Elizabeth Trist supplied nearly contemporary evidence of riot and misbehavior at the Charlottesville Academy. She remarked that Stack had “a large school at present but the Inhabitants of Charlottesville find great fault with Boys who are constantly committing some mischevious action” (Trist to Nicholas P. Trist, 25 Feb. 1820 [RC in DLC: NPT]). To another correspondent she indicated that “The Boys at Mr Stacks school became so unruly that the people of Charlottesville complaind very much of them Stack wou’d assume no authority over them [out?] of school and La Porte had no controul even to make [them?] behave orderly in the House wine or Toddy I am told was introduced of an evening and they becam[e] bon vivants Mr Cocke and some other Gentlemen who had sons there, last Court day set about a reform drew up articles for the Boys to sign and give their word of honour they wou’d adhere to the Rules one was not to introduce any more Liquor another was that not more than two Boys were to be seen together in the Streets, some of them demur’d at the terms but finally subscribed their names tho Browse [i.e., Hore Browse Trist] says that some of them say they are very sorry they did. the fact is that all Boys will take advantage of the liberty they have, Stack does not Board in the same House and thinks that he has no right to controul them except when in school and I am told he does not use any authority even there. it is wonderful that people will send children to such a school. I heard that Walker Gilmer was taken home and I was surprised to hear that he was among the number of wild ones, but I cou’d not get Browse to tell me any thing respecting the conduct of the Boys Eppes Baker and himself generally spend Saturday and sunday at the mountain [i.e., Monticello] and carry their Books with them” (Trist to Mary House Gilmer, 15 Mar. 1820 [RC in ViRoHM: Breckinridge Family Papers]; damaged at seal).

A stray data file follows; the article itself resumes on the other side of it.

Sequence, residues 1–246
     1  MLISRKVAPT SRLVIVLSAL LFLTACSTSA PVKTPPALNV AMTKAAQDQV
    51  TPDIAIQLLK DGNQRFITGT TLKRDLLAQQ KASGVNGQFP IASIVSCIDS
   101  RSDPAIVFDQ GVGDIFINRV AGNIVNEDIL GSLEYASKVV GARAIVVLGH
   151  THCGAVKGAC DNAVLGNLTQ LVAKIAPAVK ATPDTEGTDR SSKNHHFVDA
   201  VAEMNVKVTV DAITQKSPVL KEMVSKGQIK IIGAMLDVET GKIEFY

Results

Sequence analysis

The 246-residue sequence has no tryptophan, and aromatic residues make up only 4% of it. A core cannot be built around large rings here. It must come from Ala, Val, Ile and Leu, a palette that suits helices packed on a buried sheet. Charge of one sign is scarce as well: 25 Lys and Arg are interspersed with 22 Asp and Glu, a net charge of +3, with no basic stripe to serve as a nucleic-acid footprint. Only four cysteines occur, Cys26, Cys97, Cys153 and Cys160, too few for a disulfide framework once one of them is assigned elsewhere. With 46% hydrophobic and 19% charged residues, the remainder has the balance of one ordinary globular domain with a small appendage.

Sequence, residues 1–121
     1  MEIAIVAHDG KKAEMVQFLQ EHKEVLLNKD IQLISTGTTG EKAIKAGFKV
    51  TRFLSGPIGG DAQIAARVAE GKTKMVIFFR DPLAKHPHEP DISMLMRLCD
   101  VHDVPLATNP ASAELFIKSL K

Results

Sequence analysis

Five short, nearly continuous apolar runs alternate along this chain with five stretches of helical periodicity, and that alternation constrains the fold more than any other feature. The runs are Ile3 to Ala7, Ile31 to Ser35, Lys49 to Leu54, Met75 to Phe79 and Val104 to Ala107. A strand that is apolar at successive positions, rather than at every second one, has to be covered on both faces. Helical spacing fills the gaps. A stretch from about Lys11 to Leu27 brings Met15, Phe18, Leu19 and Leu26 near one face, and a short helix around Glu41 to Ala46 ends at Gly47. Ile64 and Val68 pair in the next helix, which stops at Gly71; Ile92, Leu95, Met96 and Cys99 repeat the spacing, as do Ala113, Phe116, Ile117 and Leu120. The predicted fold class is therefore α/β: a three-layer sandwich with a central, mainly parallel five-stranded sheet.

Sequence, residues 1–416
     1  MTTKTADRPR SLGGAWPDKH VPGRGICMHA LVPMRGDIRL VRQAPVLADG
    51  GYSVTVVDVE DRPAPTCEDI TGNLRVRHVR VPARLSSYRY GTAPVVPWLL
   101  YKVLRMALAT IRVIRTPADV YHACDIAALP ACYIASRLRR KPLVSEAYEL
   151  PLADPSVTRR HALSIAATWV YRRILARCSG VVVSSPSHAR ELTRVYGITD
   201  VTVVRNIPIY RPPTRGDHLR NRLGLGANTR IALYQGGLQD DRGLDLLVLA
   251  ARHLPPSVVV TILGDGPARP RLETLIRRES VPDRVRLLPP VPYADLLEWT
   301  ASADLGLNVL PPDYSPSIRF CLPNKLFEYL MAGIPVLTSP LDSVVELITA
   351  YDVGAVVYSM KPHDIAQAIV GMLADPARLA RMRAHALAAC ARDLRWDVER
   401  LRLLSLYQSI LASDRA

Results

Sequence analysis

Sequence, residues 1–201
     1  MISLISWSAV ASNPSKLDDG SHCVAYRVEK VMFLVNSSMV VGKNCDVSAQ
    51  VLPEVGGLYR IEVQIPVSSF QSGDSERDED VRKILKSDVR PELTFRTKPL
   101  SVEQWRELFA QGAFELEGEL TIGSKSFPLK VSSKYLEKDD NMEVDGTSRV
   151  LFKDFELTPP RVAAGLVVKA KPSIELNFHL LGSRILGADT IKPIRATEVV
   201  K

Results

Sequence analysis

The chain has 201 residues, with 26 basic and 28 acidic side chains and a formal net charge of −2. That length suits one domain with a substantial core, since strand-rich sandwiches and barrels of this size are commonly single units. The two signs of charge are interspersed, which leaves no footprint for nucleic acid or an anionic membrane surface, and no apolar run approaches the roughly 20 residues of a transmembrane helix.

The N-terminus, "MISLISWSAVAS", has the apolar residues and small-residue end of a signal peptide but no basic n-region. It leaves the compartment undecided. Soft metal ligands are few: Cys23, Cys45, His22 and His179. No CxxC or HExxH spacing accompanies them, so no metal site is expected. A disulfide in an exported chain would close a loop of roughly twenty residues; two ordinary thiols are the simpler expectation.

Index Entries

  • Baker, John Wayles (TJ’s grandnephew); visits Monticello search
  • Charlottesville Academy; misbehavior of students search
  • Cocke, John Hartwell (1780–1866); and Charlottesville Academy search
  • drunkenness; of Charlottesville Academy students search
  • Eppes, Francis Wayles (TJ’s grandson); at Monticello search
  • Eppington (Eppes’s Chesterfield Co. estate); mill at search
  • Evans, George; and education of his grandsons search
  • Evans, George; and fish for TJ search
  • Evans, George; identified search
  • Evans, George; letter from search
  • Evans, George; visits Monticello search
  • fish; perch search
  • Gilmer, Thomas Walker; and Charlottesville Academy search
  • Johnson, Edward (George Evans’s grandson); education of search
  • Johnson, George William (George Evans’s grandson); education of search
  • Laporte’s boardinghouse (Charlottesville); misbehavior of boarders search
  • Monticello (TJ’s Albemarle Co. estate); terraces at search
  • Monticello (TJ’s Albemarle Co. estate); Visitors to; Baker, John W. search
  • Monticello (TJ’s Albemarle Co. estate); Visitors to; Evans, George search
  • Monticello (TJ’s Albemarle Co. estate); Visitors to; Trist, Hore Browse search
  • perch search
  • Stack, Gerard E.; and Charlottesville Academy search
  • Trent, John; and fish for TJ search
  • Trist, Elizabeth House; and grandchildren’s education search
  • Trist, Hore Browse (1802–56); and Charlottesville Academy search
  • Trist, Hore Browse (1802–56); visits Monticello search
  • Willis’s Mountain; described search
  • Willis’s River search